For the first time, surgeons in the United Kingdom have transplanted the kidneys of a deceased HIV-positive individual into two people living with the virus, Reuters Health reports. To date, the world has seen kidneys from three deceased HIV-positive donors transplanted into six people living with the virus.
Presenting their case study in the Clinical Kidney Journal, clinicians drew kidneys from a 55-year-old white male who died of a brain hemorrhage. This man was on ARVs and had an undetectable viral load for the three years preceding his death as well as a CD4 count above 200 during the last six years of his life.
The two recipients of the donor’s pair of kidneys were both Black and Caribbean men. One of them was 60 years old and the other 45 years old; the men had been on the waiting list for a new kidney for a respective 563 and 306 days.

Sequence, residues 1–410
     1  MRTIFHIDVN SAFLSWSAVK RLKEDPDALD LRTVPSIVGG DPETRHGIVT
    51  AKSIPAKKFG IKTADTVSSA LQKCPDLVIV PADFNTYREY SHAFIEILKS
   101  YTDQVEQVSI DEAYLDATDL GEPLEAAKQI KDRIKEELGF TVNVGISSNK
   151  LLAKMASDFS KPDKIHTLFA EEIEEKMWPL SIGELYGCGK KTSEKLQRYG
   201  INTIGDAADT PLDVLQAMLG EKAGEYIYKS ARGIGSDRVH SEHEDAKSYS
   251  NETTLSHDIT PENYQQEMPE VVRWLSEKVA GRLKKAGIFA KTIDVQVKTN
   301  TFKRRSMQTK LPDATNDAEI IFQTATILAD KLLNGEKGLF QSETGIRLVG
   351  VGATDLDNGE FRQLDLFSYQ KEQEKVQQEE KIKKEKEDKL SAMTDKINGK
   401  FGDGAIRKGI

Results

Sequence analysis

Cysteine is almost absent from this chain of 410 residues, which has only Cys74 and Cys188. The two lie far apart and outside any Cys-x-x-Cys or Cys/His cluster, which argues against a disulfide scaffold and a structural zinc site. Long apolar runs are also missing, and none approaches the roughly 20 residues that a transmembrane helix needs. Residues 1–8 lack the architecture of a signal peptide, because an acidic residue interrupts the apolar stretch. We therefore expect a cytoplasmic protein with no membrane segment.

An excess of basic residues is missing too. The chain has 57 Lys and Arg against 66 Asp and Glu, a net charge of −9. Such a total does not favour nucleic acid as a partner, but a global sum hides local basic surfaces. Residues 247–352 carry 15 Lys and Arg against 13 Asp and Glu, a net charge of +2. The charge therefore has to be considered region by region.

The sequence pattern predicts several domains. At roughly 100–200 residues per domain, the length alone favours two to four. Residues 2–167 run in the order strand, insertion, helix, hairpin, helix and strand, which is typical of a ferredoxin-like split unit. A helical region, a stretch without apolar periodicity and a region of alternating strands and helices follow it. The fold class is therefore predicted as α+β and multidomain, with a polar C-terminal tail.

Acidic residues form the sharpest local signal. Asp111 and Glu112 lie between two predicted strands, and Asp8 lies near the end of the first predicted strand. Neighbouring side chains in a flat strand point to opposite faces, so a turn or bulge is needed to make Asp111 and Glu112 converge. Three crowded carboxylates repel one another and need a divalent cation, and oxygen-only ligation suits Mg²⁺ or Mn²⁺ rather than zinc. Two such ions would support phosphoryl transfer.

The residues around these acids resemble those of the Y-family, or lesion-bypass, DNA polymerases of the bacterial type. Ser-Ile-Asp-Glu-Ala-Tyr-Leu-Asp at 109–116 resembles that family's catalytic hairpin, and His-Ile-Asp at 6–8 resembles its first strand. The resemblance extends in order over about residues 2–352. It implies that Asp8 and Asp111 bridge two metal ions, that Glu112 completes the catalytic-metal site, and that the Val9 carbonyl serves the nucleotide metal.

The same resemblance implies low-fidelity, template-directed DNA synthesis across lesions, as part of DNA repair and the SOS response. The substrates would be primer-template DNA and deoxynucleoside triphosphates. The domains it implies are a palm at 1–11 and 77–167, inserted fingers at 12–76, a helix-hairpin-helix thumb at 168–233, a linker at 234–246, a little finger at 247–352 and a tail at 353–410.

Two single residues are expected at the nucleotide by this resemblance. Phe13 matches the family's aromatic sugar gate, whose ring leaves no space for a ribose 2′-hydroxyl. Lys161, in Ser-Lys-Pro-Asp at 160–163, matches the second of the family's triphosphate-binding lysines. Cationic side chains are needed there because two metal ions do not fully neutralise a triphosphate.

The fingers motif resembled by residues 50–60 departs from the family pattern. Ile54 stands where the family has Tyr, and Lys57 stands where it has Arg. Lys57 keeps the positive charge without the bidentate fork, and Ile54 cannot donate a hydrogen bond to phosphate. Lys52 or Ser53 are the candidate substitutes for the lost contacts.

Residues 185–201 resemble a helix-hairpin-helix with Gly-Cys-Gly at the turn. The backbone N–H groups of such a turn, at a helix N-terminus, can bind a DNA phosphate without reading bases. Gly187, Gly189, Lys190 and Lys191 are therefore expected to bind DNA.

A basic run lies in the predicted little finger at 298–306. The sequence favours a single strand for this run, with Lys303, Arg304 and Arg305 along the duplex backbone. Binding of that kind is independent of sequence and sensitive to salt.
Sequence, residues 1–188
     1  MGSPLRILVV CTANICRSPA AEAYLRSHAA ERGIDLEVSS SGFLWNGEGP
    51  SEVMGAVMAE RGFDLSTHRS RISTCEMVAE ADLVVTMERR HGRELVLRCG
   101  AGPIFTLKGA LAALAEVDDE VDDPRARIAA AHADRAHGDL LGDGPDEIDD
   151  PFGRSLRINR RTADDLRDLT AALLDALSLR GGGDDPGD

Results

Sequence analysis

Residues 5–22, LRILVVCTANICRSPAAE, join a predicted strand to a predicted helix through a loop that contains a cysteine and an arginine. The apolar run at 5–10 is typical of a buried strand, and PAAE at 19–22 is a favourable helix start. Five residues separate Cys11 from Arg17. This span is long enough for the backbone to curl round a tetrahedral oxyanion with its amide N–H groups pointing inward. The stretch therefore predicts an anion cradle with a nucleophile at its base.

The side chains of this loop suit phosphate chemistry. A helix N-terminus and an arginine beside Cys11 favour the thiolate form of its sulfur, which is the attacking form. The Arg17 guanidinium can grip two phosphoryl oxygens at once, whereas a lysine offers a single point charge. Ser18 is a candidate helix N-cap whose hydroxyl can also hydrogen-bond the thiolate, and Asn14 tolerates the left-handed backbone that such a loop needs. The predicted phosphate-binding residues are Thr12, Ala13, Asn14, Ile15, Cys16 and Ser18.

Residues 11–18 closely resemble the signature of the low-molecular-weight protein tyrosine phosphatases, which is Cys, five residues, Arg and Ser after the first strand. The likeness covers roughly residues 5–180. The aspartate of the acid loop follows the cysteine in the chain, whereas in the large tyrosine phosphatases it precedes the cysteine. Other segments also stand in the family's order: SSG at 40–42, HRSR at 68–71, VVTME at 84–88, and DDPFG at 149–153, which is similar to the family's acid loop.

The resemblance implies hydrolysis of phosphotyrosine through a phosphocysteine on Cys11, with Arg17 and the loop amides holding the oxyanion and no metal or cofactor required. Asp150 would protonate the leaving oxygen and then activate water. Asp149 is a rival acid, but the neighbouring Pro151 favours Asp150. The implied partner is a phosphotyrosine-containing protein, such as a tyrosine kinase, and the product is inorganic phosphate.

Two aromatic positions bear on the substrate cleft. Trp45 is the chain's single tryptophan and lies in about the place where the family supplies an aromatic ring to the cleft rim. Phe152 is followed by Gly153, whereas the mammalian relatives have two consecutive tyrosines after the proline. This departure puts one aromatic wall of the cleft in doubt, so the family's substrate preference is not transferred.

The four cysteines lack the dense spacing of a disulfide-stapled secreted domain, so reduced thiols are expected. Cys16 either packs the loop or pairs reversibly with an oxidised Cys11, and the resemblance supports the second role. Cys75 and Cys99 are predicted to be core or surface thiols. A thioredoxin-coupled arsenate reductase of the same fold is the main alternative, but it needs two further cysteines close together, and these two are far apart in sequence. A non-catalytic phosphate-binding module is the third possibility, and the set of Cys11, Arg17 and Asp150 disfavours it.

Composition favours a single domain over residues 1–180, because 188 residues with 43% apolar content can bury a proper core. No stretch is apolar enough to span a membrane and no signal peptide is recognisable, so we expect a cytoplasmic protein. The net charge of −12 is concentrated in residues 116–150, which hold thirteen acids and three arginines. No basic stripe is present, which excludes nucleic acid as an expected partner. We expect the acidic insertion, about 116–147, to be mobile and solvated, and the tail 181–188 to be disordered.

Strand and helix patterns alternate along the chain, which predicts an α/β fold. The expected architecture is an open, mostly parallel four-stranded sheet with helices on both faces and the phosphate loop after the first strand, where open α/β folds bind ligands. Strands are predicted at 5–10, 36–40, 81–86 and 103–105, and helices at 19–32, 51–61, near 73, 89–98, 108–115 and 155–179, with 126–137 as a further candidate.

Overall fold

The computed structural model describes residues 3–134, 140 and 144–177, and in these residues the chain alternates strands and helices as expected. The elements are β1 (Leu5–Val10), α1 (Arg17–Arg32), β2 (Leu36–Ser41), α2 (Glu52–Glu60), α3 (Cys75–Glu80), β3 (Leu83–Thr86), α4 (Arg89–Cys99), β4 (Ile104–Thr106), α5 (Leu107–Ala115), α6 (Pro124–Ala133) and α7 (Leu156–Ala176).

One of the recipients had initial complications with his transplant but ultimately stabilized. Two years following their transplants, both men are in good health with well-treated HIV and have not had to change antiretroviral regimens.
To read the Medscape article, click here (free registration with the site is required).
To read the study, click here.